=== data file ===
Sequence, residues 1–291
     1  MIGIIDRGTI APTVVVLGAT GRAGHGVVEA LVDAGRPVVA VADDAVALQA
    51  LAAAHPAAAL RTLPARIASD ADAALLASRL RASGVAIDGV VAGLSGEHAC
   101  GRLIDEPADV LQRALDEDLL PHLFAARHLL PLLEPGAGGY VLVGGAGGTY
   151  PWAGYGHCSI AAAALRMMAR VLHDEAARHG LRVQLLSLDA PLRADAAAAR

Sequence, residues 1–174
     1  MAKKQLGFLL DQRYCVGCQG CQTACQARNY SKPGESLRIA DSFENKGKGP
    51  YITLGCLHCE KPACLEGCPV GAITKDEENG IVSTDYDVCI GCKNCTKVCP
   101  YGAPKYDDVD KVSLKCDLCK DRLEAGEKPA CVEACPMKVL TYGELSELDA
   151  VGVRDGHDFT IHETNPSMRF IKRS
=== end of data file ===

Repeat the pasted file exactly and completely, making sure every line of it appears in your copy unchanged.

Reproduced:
Sequence, residues 1–291
     1  MIGIIDRGTI APTVVVLGAT GRAGHGVVEA LVDAGRPVVA VADDAVALQA
    51  LAAAHPAAAL RTLPARIASD ADAALLASRL RASGVAIDGV VAGLSGEHAC
   101  GRLIDEPADV LQRALDEDLL PHLFAARHLL PLLEPGAGGY VLVGGAGGTY
   151  PWAGYGHCSI AAAALRMMAR VLHDEAARHG LRVQLLSLDA PLRADAAAAR

Sequence, residues 1–174
     1  MAKKQLGFLL DQRYCVGCQG CQTACQARNY SKPGESLRIA DSFENKGKGP
    51  YITLGCLHCE KPACLEGCPV GAITKDEENG IVSTDYDVCI GCKNCTKVCP
   101  YGAPKYDDVD KVSLKCDLCK DRLEAGEKPA CVEACPMKVL TYGELSELDA
   151  VGVRDGHDFT IHETNPSMRF IKRS